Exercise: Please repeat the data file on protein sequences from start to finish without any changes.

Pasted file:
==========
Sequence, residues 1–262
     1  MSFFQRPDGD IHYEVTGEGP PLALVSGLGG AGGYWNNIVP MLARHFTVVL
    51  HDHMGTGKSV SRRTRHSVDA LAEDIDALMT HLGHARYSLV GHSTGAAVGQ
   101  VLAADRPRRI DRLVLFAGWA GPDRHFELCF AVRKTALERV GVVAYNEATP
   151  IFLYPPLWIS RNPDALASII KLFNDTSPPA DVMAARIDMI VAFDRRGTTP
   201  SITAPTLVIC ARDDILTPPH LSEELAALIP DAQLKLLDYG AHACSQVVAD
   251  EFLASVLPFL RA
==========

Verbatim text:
Sequence, residues 1–262
     1  MSFFQRPDGD IHYEVTGEGP PLALVSGLGG AGGYWNNIVP MLARHFTVVL
    51  HDHMGTGKSV SRRTRHSVDA LAEDIDALMT HLGHARYSLV GHSTGAAVGQ
   101  VLAADRPRRI DRLVLFAGWA GPDRHFELCF AVRKTALERV GVVAYNEATP
   151  IFLYPPLWIS RNPDALASII KLFNDTSPPA DVMAARIDMI VAFDRRGTTP
   201  SITAPTLVIC ARDDILTPPH LSEELAALIP DAQLKLLDYG AHACSQVVAD
   251  EFLASVLPFL RA